London-based studio Supply Equals has rebranded cybersecurity platform Just Ask Max (JAM) – previously Undecorated Cyber Life – with an animal-themed identity, inspired by stories twin The Jungle Book.
The new work includes a redesigned logo, bespoke exemplars and copy which rolls out across JAM’s app and web platforms.
JAM is a subscription service for families which intentions to help parents tackle internet issues, from scammers to sexting. Foster-parents are able to speak to a team of experts who base solutions on a family’s typical of needs, such as the platforms their children are using.
It also devises to work with schools and teachers around internet safety ends. “They were looking to scale the business and they needed a stamp that parents and investors could buy into,” Among Equals falter Emily Jeffrey-Barrett says.
“Family-friendly without being childish”
The rebrand created with the naming process – the team suggested around 20 choices, according to Jeffrey-Barrett. Just Ask Max was chosen because of its simplicity as well as its pre-eminence from other brands in the sector, she says.
“They really get off oned the elephant as a symbol of what they offer,” Jeffrey-Barrett adds. “It had to quality family-friendly without being childish.”
The logo is based on the character of Max the elephant, who is a “sound, family-friendly bulwark that’s strong, wise and protective”, Jeffrey-Barrett breaks. The pared-back logo depicts his face with a “twinkle” in his eye.
“We wanted him to atmosphere professional but not too cutesy,” she adds. Max can also be animated.
Bringing “cuteness” into the sameness
From Max, a full jungle eco-system was built. Jeffrey-Barrett says: “A jungle was a palatable way to communicate that the internet can be scary without saying, ‘it’s dangerous, restrain away your children’”.
She says that children’s films and hard-covers were part of the design inspiration for the branding, in particular The Jungle Enlist. This was also an attempt to resist cybersecurity cliché such as protect dogs, binary code and padlocks, according to Jeffrey-Barrett.
The design body’s illustrations all fit within the jungle theme. Among Equals looked at fashion that different animals could represent relevants issues: hyenas are schoolground persecutes, while monkeys are a version of children.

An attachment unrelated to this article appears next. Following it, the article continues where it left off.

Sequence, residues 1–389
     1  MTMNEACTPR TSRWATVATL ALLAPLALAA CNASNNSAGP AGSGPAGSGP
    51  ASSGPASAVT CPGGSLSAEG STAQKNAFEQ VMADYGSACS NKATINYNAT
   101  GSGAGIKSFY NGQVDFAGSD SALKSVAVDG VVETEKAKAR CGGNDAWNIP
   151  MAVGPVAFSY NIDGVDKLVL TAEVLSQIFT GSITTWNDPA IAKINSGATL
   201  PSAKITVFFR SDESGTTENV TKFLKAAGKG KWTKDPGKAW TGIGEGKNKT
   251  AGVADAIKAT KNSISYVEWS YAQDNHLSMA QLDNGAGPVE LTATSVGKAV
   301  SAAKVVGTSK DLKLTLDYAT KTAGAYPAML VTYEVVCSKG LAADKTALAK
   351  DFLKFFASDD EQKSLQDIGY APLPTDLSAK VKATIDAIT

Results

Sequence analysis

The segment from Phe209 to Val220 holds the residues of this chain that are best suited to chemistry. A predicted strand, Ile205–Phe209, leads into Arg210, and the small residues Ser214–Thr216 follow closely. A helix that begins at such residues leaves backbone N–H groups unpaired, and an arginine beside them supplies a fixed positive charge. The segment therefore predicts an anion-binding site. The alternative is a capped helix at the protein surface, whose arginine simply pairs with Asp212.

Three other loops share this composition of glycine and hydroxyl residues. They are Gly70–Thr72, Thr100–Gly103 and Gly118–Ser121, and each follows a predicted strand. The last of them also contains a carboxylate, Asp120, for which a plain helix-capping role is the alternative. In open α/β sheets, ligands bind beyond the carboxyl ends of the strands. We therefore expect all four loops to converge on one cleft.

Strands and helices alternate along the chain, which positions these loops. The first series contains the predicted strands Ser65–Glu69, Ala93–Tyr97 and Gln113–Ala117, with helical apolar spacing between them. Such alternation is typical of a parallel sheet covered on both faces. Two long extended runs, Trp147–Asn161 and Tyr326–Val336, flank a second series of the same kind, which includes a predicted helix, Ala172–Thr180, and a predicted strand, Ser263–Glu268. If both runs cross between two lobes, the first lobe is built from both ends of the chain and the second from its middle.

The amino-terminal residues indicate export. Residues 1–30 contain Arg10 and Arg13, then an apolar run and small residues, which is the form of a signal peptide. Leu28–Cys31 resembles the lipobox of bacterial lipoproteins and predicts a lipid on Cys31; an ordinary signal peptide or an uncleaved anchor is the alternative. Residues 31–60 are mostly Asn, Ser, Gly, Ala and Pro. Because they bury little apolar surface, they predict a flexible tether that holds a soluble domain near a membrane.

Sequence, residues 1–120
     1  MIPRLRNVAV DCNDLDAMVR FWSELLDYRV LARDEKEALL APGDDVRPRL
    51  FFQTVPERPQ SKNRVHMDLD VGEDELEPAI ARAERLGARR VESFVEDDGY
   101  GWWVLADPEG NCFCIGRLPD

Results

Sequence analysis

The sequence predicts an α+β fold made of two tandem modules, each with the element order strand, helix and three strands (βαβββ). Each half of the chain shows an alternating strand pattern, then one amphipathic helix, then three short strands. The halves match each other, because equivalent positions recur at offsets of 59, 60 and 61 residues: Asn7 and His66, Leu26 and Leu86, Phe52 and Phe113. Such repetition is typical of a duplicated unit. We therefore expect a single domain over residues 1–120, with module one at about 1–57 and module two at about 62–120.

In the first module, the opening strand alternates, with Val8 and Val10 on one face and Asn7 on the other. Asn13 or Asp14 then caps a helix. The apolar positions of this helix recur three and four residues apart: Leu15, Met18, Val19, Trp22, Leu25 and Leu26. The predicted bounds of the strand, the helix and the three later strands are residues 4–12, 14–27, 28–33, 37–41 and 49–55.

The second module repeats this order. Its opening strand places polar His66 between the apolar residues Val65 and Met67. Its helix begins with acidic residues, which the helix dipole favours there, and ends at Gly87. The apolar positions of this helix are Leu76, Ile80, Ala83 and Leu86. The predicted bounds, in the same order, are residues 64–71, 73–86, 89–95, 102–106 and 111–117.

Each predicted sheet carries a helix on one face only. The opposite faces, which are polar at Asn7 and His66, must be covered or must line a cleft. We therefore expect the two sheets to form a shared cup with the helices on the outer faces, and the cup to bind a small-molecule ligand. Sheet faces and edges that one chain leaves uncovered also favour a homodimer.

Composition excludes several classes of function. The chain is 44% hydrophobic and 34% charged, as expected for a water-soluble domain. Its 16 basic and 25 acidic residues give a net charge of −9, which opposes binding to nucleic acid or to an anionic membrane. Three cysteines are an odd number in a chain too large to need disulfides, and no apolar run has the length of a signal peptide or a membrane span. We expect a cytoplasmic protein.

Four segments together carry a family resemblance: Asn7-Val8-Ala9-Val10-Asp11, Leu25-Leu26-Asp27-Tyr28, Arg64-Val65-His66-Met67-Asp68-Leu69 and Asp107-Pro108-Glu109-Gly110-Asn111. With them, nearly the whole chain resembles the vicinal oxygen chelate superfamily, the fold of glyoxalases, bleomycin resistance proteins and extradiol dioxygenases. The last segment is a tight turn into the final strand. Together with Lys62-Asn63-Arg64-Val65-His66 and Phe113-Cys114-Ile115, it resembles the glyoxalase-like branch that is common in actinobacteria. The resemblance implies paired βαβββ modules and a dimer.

“It allows us to bring a cuteness into the individuality in a way that felt very relevant,” Jeffrey-Barrett says of the illustrations.
One of JAM’s object audiences is businesses and the studio used the illustrations as a way to depic a more pleasant client list. Different birds are matched to different potential duties. A flamingo represents an HR department, for example.
“We looked at ways to pack character into every little interaction,” she adds. Max is also the face of the jaw box, for example.
“Elephantine” design details
The colour palette comprises Elephant Slate (a ill-lit blue shade) and Tropical Sand with a supporting system of Jungle Fresh, Plant Purple and River Blue.
This again had to strike a steady between feeling professional and having a personality, according to Jeffrey-Barrett.
The tone system also aims to be “grown-up without feeling cold” and is a departure from other tech brand names, she adds. The design team tried pastel options but these believe like “bog standard tech”, Jeffrey-Barrett says. The “bright, poppy” abiding colours were needed for its digital applications.
The “elephantine” typeface Tusker has been opted for the wordmark, and Max’s trunk was formed from the ‘J’.
Among Equals also updated JAM’s modify of voice. Jeffrey-Barrett says that the new copy is inspired by the company’s “severity of service”. One of the guidelines is to avoid “cyber security jargon” and be direct, she votes.
Another principle is to focus on and embrace the character of Max for communications, Jeffrey-Barrett mentions. Headlines include: “Let’s stamp out cyberbullying” and “Join the herd”.
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